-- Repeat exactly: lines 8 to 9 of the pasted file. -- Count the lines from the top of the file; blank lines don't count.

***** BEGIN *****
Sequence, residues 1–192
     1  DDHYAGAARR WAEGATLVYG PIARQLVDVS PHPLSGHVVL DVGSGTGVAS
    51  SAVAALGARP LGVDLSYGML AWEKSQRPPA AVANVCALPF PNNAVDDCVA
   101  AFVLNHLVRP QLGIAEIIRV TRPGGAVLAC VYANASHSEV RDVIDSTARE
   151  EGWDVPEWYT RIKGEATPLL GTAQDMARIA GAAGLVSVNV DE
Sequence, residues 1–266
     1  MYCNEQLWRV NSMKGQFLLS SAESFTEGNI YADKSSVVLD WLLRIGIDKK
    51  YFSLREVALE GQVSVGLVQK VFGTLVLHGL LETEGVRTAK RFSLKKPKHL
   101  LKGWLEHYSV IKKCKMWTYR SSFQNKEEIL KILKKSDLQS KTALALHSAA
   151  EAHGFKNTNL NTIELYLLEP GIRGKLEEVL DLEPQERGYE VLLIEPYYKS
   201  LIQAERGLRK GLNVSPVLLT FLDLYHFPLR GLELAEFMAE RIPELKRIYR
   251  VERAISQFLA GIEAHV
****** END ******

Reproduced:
    51  YFSLREVALE GQVSVGLVQK VFGTLVLHGL LETEGVRTAK RFSLKKPKHL
   101  LKGWLEHYSV IKKCKMWTYR SSFQNKEEIL KILKKSDLQS KTALALHSAA